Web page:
Do check out the federal government websites for more information on your rights in the workplace. Human services at your workplace should also be able to advise.

What to Do if Other People Are Uncomfortable About Your Breastfeeding in Public

Beneficial as breastfeeding may be, public breastfeeding continues to make other people uncomfortable, with some feeling it equates to indecent exposure! The reality though is that you should be able to feed your baby discreetly, meaning that any passers-by should see little more than the baby’s face.

If you have friends or family members who feel this way, the best thing you can do is remind them of the health benefits of human milk. Feeding your baby is completely natural and is nothing to be embarrassed about.

If you would feel more comfortable. you can also find a private location to feed your baby. Another option would be to feed your baby expressed milk. Remember however that you are not obligated to do this and that infant feeding choices are your own!

Why is Breastfeeding Frowned Upon in Public?

Cultural context is important when it comes to perceptions of breastfeeding in public. Some cultures have a much more supportive attitude towards breastfeeding, which in turn has a hugely positive affect on breastfeeding initiation rates and maternal and child health.

Where this is the case, breastfeeding in public is seen as commonplace and entirely normal, which leaves women feeling much more comfortable breastfeeding.

Unfortunately, the western world is much less accepting of seeing women breastfeeding. Women’s bodies continue to be sexualised, with breasts being seen primarily as sexual objects.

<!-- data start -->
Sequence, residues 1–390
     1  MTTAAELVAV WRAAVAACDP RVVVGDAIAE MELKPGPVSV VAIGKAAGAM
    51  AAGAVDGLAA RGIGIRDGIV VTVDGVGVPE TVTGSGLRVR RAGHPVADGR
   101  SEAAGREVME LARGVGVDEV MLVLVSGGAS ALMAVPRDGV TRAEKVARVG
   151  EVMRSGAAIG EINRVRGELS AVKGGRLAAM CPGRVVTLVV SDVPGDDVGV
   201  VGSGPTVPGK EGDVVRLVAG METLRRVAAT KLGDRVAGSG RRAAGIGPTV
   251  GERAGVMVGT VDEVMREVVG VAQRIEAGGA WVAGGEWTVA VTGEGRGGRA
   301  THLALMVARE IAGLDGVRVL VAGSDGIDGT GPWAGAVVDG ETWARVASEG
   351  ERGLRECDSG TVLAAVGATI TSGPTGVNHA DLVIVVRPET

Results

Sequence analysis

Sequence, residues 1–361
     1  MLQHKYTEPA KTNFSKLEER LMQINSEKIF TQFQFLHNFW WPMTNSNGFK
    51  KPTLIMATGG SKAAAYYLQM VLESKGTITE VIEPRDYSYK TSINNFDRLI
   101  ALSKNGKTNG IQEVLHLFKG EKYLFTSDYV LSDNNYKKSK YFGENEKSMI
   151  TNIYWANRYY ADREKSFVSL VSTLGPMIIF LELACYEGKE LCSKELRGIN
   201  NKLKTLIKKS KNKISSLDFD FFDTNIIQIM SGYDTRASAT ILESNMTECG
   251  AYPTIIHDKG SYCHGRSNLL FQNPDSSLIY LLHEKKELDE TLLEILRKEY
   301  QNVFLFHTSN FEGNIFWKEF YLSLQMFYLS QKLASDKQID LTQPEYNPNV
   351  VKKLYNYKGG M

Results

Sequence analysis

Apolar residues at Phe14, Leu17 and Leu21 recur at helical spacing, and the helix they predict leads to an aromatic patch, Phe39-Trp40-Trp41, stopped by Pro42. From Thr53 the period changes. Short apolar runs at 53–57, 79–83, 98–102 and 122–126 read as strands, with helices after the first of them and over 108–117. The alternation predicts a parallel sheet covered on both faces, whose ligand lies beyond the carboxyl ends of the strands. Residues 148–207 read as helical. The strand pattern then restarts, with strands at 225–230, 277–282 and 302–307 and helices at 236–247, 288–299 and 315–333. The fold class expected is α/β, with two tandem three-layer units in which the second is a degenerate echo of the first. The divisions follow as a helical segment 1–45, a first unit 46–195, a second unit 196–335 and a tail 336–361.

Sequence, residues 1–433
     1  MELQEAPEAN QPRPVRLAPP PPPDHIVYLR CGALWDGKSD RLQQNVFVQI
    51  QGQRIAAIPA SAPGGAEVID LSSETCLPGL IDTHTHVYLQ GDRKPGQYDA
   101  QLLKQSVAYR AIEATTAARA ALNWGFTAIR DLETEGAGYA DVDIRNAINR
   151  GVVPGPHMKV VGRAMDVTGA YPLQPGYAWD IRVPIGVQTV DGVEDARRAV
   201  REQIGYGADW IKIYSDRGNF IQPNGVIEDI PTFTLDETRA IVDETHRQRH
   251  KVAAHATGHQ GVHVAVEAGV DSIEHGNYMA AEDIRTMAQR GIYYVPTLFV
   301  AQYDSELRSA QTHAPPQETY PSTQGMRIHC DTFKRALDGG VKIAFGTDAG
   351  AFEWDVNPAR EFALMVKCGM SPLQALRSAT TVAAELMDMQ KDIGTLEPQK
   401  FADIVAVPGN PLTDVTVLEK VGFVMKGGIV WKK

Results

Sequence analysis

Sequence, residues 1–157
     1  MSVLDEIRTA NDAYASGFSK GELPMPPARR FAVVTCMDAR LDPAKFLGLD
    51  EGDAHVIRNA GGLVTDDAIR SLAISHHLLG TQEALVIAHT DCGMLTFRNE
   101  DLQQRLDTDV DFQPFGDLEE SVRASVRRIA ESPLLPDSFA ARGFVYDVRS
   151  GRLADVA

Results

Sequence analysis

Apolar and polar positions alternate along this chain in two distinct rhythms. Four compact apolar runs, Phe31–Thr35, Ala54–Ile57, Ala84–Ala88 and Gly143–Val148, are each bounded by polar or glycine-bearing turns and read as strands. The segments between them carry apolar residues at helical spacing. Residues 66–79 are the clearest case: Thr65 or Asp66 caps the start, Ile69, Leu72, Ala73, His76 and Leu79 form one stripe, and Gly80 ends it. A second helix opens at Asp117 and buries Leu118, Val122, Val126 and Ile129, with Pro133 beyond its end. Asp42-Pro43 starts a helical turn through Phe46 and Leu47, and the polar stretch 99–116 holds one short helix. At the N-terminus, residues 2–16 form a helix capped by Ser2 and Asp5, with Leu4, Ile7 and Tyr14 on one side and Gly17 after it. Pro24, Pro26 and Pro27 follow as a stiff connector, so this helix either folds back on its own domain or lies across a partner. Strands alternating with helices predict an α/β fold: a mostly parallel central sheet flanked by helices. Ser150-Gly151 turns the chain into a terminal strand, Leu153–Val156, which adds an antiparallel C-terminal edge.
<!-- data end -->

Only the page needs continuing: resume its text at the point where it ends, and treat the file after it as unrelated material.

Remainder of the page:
Bottle feeding is accepted as the social norm, breastfeeding knowledge is often poor and nursing mothers are expected to find a private space to facilitate breastfeeding discreetly.

Breastfeeding initiation rates are often high, dropping to below 25% by six weeks postpartum in many cultures. Breastfeeding rates are particularly low in the low socioeconomic community.

What Protections Does a Breastfeeding Woman Have?

What Protections Does a Breastfeeding Woman Have?

Breastfeeding moms are legally protected to feed their baby in any place their baby is permitted to be, this includes shopping malls and other public spaces.

Check out the federal government website to view state legislatures and carry information relating to your legal protections with you.

Tips For Nursing Mothers

  • Know your rights: Breastfeeding in public is covered by legal protections, so nobody has the right to challenge you, provided that you’re in a space where your baby has the right to be. Not all babies nurse on schedule, making breastfeeding in public a necessity.
  • You are not obligated to express milk. Check our federal government site for more information. Some people may be offended by the sight of a woman breastfeeding, but remember that this isn’t your problem!
  • Practice at home: nursing in public can seem daunting, so try it at home first! Maternal attitudes towards feeding your baby in public often relax after you do it in front of a mirror at home- you’ll probably be surprised at just how little skin shows when you’ve got the hang of it.
  • Bring a friend, and choose a familiar place- Many moms like to settle on a cafe or store where they know the staff are particularly accommodating to nursing moms. It can also help to bring a friend along as a little extra support

The Bottom Line

How you feed your baby is your own business! Remember that you have a legally protected right to feed your baby, even out in public.

The idea of nursing your baby in public may seem daunting, but once you’ve managed to get over that fear, you’ll find that it’s much easier to get out and about knowing that you can feed your baby on the go whenever they need to.

This article was written by Sandra Baker – full time writer and the mother of four amazing kids (including twins!)

She’s also a breastfeeding counselor and has spent years helping new parents learn how to care for their children. When she’s not writing or caring for her children, Sandra likes to spend time reading and taking walks with her husband.